‘Last Night in Montreal’ by Emily St. John Mandel

Emily St. John Mandel’s Last Night in Montreal is a book I was prepared to love. The novel came to me under the best of circumstances: remembered while perusing the excellently stocked shelves of Los Angeles’s landmark bookstore Skylight Books on vacation earlier this month. I was hooked as I started reading on the drive back to Phoenix, but unfortunately, as the plot wore on and I transitioned out of vacation mode, the novel steadily lost its appeal. An interesting premise and well-executed mystery kept me on until the end, but ultimately, St. John Mandel’s debut effort is plagued by a lack of character development and the overuse of clichés about youth and growing up.

Last Night in Montreal opens with Eli, a frustrated graduate student in his late twenties working on an interminable thesis on dead and dying languages. Without warning, Eli’s capricious girlfriend, Lilia, leaves him and he is left to get over the loss in the midst of his increasingly dissatisfying life. After an illuminating conversation with his mother on the arrested state of his life and studies, Eli decides to take action and travel north from Brooklyn to Montreal, where he has been told Lilia now resides. What follows is the story of the enigmatic Lilia and the cast of characters whose lives become intertwined to the point of obsession with her own.

Undoubtedly the best part of this novel is the steadily revealed mystery of Lilia’s youth. There are many questions about her peculiar past and St. John Mandel answers them expertly over the course of the last three-quarters of the novel. As the mystery unfolds, the author also explores the dynamic theme of “leaving”. For Lilia, leaving is a way of life. Because she has no memory of ever staying in one place, she is unable to contend with the idea of doing so as an adult. Eli, however, believes leaving to be a demonstration of one’s worldliness and maturity. In fact, the individuals that Eli admires most are his traveling missionary brother Zed and the wayfaring Lilia. Though Lilia and Eli have opposing views on the concept of leaving, contending with it for both of them is a large part of growing up.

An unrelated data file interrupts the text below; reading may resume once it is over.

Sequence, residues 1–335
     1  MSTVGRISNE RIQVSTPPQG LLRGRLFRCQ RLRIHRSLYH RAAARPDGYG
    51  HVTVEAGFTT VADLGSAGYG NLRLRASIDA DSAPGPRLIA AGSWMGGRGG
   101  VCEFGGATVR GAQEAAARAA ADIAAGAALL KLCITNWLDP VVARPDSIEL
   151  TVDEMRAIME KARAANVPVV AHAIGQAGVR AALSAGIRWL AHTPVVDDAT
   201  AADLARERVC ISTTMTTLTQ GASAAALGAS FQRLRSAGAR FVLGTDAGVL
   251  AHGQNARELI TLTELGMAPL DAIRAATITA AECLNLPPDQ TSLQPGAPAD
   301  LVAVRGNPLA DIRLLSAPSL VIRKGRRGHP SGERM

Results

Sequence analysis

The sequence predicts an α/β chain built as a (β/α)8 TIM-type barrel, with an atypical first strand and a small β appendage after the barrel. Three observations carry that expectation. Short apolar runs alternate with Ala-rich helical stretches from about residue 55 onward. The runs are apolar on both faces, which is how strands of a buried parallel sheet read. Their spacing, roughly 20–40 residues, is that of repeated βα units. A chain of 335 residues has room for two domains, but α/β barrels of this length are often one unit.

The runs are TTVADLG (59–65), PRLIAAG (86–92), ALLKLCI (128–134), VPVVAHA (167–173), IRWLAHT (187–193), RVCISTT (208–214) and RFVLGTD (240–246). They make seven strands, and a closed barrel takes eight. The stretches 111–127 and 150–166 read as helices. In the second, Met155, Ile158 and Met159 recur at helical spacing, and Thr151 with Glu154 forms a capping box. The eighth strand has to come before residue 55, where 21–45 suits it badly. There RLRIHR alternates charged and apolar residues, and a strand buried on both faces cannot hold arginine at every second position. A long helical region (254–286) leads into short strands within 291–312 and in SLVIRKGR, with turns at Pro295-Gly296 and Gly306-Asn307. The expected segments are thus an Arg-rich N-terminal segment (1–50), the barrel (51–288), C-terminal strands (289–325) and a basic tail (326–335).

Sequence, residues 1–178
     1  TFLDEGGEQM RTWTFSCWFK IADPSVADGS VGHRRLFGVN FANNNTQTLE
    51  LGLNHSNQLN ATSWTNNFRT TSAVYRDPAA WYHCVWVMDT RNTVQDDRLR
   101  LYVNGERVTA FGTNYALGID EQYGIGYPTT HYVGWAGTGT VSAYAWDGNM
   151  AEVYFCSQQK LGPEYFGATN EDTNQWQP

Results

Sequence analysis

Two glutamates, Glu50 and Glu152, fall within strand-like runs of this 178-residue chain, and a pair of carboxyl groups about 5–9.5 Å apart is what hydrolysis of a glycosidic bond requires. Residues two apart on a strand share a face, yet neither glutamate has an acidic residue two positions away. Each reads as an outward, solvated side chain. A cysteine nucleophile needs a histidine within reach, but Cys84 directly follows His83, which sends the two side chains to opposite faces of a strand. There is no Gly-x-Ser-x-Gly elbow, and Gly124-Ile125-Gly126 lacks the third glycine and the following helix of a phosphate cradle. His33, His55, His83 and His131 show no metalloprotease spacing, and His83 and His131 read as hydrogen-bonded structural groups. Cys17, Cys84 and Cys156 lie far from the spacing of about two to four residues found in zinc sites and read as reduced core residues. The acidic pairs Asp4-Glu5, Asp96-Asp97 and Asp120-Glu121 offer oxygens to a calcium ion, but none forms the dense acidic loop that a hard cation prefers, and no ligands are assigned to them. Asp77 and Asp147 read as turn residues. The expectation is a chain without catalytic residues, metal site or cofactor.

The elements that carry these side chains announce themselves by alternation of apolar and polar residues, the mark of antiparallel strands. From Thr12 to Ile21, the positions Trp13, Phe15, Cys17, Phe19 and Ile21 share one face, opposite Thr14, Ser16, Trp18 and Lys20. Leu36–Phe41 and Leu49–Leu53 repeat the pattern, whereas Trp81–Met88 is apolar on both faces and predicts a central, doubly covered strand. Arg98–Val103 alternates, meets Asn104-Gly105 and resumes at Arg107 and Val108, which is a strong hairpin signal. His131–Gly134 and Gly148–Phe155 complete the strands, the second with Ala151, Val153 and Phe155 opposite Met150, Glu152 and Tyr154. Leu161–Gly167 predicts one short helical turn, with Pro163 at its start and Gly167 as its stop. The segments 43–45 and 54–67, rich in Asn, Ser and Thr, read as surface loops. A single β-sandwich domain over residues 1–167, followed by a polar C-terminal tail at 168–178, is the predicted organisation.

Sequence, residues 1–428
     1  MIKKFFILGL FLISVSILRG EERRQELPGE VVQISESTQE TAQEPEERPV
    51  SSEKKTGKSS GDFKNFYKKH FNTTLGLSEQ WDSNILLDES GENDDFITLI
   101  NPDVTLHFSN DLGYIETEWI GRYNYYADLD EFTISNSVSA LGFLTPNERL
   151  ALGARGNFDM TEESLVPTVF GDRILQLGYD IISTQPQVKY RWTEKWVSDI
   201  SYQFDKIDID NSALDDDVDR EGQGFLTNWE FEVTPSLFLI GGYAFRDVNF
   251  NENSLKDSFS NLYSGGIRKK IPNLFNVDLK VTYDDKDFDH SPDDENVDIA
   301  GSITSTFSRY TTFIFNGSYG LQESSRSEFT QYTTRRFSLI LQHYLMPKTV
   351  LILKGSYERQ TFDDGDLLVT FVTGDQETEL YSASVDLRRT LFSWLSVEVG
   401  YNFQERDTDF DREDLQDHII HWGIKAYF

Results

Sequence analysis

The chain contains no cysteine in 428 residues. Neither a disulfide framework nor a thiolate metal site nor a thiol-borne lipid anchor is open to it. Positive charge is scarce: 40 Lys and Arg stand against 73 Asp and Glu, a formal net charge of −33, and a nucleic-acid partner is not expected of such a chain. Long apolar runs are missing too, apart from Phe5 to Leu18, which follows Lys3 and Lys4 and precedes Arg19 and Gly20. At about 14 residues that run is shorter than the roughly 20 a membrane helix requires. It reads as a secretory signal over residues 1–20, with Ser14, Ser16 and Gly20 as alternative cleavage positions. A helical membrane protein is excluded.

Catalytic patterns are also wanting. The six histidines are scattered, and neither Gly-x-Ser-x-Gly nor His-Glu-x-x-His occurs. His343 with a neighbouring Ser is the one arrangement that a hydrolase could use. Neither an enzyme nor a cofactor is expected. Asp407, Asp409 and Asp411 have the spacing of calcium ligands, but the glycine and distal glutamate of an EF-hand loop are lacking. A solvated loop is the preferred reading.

While I found the mystery of Last Night in Montreal to be engaging, unfortunately, certain flaws in the novel marred my overall opinion of it. St. John Mandel’s characters are young and quirky, but they are also flat. Each character enters the novel with a host of flaws and leaves it resolving very few of them. St. John Mandel also makes heavy use of certain clichés about youth that caused me to roll my eyes after more than a few passages. The recurring setting of the coffeehouse and the appearance of characters like the Dostoevsky-reading bouncer, came off as indulgent and reminded me that this is indeed the author’s first novel.

While there is some good writing to be found in Last Night in Montreal, overall, I found the novel disappointing. I will be interested, however, to hear others’ opinions on this new writer.


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